Week 13

It is now crunch time! Can you believe it will be three weeks before toeing the line at the Verrazano Bridge!? Continue reading


Week 12- Fueled by Rain

Flu season is on full throttle. I work as a seasonal travel nurse going to corporations and stabbing, I mean giving flu shots for hours on end. However my company changed their operations by giving us all the supplies to us directly to our address. You’d think that makes it easier? Not when they expect you to bring the supplies to the location in a shipping crate that I can essentially fit into. Now bring that on the subway. On rush hour. With no elevators.

It doesn’t help when the trolley they give you is the cheapest thing on the planet. The wheels are so small, any crack on the sidewalk will topple the giant crate over. And you already know in New York there is a shit ton of construction. Sometimes I can’t even walk 5 feet without this giant crate falling again and again and again.

So that was my past few weeks. I’ve been having the worst anxiety commuting when I have to drag that crate around. I’ve probably done a ton of upper body strength training carrying that thing up the stairs. Thank goodness I haven’t needed to carry it down the stairs. I think it would topple me over. Once I finish the program I throw it to the nearest FedEx and say good riddance to it. I take the train home feeling 1000lb lighter.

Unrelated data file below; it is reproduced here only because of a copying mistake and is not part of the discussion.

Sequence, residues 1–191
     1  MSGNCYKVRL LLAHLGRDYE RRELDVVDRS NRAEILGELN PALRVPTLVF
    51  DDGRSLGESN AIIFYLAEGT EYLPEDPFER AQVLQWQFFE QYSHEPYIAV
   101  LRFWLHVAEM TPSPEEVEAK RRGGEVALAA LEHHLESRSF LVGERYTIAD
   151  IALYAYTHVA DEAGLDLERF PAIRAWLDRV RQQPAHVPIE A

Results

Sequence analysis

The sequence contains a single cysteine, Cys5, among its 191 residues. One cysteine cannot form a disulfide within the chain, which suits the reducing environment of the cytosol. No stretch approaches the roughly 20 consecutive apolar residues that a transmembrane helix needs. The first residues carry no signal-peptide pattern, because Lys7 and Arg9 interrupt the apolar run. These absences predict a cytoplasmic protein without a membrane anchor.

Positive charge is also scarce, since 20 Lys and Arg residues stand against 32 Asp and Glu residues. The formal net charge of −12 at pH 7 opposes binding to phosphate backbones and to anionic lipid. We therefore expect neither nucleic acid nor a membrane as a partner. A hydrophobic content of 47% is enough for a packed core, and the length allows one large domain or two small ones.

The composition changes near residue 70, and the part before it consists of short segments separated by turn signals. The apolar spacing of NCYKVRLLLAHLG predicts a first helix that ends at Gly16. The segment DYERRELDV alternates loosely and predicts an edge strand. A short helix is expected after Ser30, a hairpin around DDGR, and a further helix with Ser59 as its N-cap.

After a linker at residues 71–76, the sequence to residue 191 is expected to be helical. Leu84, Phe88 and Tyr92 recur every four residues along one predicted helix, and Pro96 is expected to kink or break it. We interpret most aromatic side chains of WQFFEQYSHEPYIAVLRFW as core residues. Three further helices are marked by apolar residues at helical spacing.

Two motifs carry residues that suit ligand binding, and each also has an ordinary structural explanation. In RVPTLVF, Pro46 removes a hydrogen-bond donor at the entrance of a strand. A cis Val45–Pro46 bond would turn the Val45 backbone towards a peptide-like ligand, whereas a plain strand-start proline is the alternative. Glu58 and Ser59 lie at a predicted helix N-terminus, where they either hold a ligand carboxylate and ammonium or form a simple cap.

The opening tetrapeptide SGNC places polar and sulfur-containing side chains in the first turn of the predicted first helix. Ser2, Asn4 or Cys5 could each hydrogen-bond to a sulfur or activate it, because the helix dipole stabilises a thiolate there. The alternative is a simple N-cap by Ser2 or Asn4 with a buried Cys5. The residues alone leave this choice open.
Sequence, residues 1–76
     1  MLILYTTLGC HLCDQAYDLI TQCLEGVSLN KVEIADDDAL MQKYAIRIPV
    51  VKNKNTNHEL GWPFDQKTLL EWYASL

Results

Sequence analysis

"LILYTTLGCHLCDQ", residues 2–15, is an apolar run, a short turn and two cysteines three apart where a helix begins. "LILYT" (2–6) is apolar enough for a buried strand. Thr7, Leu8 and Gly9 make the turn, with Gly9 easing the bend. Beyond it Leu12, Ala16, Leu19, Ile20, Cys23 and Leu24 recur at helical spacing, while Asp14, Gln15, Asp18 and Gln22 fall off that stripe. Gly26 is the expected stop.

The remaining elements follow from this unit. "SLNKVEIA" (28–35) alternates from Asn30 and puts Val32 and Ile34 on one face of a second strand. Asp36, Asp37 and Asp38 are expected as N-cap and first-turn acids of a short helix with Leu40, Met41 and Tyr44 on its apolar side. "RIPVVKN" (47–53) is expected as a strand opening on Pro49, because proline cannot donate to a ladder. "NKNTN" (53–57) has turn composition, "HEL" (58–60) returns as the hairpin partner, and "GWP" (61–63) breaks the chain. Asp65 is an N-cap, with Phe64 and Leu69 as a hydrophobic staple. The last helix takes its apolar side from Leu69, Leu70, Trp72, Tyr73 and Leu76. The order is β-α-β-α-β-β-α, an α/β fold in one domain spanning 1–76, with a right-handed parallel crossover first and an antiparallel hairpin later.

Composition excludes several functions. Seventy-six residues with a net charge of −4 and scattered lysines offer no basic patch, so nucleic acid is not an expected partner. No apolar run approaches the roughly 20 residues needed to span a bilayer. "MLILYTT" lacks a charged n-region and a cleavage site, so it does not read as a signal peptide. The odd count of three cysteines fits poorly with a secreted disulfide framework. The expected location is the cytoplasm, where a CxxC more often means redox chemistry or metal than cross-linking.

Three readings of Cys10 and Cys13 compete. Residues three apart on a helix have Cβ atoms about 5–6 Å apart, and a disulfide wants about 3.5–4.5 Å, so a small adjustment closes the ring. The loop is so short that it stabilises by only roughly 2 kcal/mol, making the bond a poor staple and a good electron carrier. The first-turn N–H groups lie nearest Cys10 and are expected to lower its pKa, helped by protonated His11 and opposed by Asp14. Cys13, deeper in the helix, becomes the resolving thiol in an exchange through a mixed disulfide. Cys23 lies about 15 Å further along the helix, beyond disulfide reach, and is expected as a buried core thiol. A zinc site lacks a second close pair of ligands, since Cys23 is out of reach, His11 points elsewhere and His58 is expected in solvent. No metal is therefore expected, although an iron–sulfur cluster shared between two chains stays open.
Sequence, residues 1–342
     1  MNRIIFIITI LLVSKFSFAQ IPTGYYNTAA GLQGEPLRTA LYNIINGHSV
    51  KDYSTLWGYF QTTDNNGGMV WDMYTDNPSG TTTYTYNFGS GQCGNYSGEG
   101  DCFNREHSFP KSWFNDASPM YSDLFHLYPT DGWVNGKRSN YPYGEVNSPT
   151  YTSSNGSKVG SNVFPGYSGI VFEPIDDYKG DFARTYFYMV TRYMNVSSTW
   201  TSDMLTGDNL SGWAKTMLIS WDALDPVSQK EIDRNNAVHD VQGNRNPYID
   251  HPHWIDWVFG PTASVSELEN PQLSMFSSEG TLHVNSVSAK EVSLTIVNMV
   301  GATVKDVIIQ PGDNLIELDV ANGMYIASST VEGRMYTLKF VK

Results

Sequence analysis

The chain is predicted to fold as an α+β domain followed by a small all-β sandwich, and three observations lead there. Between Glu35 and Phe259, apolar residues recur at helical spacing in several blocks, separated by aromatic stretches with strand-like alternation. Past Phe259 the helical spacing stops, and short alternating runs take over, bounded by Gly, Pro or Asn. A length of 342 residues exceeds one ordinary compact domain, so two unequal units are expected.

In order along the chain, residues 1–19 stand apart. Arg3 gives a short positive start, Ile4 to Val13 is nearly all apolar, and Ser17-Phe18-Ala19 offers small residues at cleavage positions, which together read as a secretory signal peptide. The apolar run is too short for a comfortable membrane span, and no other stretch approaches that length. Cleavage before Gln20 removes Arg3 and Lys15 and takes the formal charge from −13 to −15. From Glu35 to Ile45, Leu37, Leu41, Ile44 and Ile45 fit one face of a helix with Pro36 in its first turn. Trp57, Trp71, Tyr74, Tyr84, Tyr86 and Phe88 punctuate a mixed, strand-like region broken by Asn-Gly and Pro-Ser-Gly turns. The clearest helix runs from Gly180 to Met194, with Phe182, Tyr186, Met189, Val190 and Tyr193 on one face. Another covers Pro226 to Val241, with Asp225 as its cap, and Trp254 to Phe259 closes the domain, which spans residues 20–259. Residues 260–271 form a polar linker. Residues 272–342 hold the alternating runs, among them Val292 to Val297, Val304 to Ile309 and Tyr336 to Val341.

But the point is, it might have been the cause of my desire to go straight home and not do anything during the work week.

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How I Barely Got Through the Hardest Part of Marathon Training

I feel it’s safe to say that many runners who work a 9-5 job, live in an area where the weather does not permit, or have families (and friends)¬†go through the same predicament at some point in their training: early morning runs. Often times it is deemed out of absolute necessity because I know if I could, I would pick sunset running over sunrise running any time. But I want to enjoy my after-work hours with friends and family or bothering PB at home. When training started in the summer for me, early morning runs were even more necessary because it was the coolest time of the day (80F and 85% humidity was the coolest temp… seriously). Like many people, I still dread early morning runs and it’s still a full blown battle each time because who doesn’t like snuggling in bed?

But somehow they get done. Well, not without an actual plan. There is a good deal of preparation to ensure you’re able to get your ass out the door and get running at 4:00am. The actual run itself is not the hard part– it’s the getting your ass out of bed ūüė¶ and¬†actually having your body awake enough to get out of the house. There is no full-proof formula, otherwise everyone can do it. But there were some things I did that helped, and I need everything and a prayer (or¬†three)¬†to get through the darkest hour. Continue reading

Week 11